Abe no Nakamaro

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Abe no Nakamaro from Hyakunin Isshu
In this Japanese name, the family name is "Abe".

Abe no Nakamaro (阿倍 仲麻呂?, c. 698 – c. 770), also known as Chao Heng (晁衡, Chōkō in Japanese), was a Japanese scholar, administrator, and waka poet in the Nara period.[1]

Early life[edit]

He was a descendant of Prince Hikofutsuoshi Makoto, the son of Emperor Kōgen and first son of Abe no Funamori. As a young man he was admired for having outstanding academic skills.

Career[edit]

In 717-718, he was part of the Japanese mission to Tang China (Kentōshi) along with Kibi no Makibi[2] and Genbō.[3] They returned to Japan; he did not.

In China, he passed the civil-service examination. Around 725, he took an administrative position and was promoted in Luoyang in 728 and 731. Around 733 he received Tajihi Hironari, who would command the Japanese diplomatic mission. In 734 he tried to return to Japan but the ship to take him back sank not long into the journey, forcing him to remain in China for several more years. In 752, he tried again to return, with the mission to China led by Fujiwara no Kiyokawa, but the ship he was traveling in was wrecked and ran aground off the coast of Vietnam, but he managed to return to Chang'an in 755.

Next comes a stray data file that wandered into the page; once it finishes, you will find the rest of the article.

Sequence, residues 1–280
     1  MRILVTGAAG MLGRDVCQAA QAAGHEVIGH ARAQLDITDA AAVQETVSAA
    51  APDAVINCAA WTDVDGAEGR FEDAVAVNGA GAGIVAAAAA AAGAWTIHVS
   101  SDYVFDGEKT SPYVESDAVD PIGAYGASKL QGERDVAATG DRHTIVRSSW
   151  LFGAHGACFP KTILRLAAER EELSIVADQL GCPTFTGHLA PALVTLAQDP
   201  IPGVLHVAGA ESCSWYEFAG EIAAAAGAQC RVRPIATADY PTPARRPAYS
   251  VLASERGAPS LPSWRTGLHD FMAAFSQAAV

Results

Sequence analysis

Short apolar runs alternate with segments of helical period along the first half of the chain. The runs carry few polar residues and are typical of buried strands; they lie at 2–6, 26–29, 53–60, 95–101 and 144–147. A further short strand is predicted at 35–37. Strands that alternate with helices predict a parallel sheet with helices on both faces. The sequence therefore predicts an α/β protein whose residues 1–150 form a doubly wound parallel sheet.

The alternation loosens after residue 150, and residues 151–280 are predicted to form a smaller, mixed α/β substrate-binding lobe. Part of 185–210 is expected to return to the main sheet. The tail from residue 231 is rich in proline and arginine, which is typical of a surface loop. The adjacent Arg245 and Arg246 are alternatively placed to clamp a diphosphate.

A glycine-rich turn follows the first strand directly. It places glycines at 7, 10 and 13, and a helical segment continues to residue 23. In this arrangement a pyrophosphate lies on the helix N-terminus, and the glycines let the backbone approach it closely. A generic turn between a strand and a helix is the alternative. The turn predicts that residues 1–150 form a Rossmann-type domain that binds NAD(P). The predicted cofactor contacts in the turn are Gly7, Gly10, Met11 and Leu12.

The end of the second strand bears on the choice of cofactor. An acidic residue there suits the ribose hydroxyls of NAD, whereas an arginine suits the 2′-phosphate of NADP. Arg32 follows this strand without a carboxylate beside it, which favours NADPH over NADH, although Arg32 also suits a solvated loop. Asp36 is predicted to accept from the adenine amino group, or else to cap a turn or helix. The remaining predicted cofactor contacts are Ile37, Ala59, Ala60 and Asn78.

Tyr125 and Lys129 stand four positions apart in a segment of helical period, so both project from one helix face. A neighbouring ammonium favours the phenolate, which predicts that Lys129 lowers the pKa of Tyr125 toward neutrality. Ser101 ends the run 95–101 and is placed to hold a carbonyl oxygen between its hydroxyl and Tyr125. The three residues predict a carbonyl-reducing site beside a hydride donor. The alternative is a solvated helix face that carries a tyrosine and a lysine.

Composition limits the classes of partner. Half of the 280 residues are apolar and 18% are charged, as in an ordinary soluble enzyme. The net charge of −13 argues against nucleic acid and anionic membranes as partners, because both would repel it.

When the An Lushan Rebellion started later that year, it was unsafe to return to Japan and Nakamaro abandoned his hopes of returning to his homeland. He took several government offices and rose to the position of Governor-General of Annam between 761 and 767, residing in Hanoi. He then returned to Chang'an and was planning his return to Japan when he died in 770.

He was a close friend of the Chinese poets Li Bai and Wang Wei, Zhao Hua, Bao Xin, and Chu Guangxi.[1]

Legacy[edit]

This image of Abe no Nakamaro is part Hokusai's series One Hundred Poets

From his literary work he is most famous for a poem filled with intense longing for his home in Nara. One of his poems was included in the anthology Hyakunin Isshu[4] and in the Kokin Wakashū.

Japanese text Romanized Japanese English translation[5]
天原
ふりさけ見れば
春日なる
みかさの山に
出し月かも
ama-no-hara
furisake mireba
kasuga naru
mikasa no yama ni
ideshi tsuki kamo
When I look up
into the vast sky tonight,
is it the same moon
that I saw rising
from behind Mt. Mikasa
at Kasuga Shrine
all those years ago?
Kokin Wakashū 9:406

Abe's place in Japanese cultural history is confirmed in Hokusai's 'Hyakunin Isshu series of ukiyo-e woodblock prints.[6]

See also[edit]

References[edit]

  1. ^ a b Nussbaum, Louis-Frédéric. (2005). "Abe no Nakamaro, "Japan Encyclopedia, p. 3.
  2. ^ Nussbaum, "Kibi no Makibi" at p. 512.
  3. ^ Nussbaum, "Gembō" at p. 235.
  4. ^ Mostow, Joshua S. Pictures of the heart: the Hyakunin isshu in word and image, pp. 161-164.
  5. ^ McMillan 2010, p.7
  6. ^ Machotka, Ewa. (2009). Visual Genesis of Japanese National Identity: Hokusai's 'Hyakunin Isshu', pp. 92-95/

Bibliography[edit]

External links[edit]

Media related to Abe no Nakamaro at Wikimedia Commons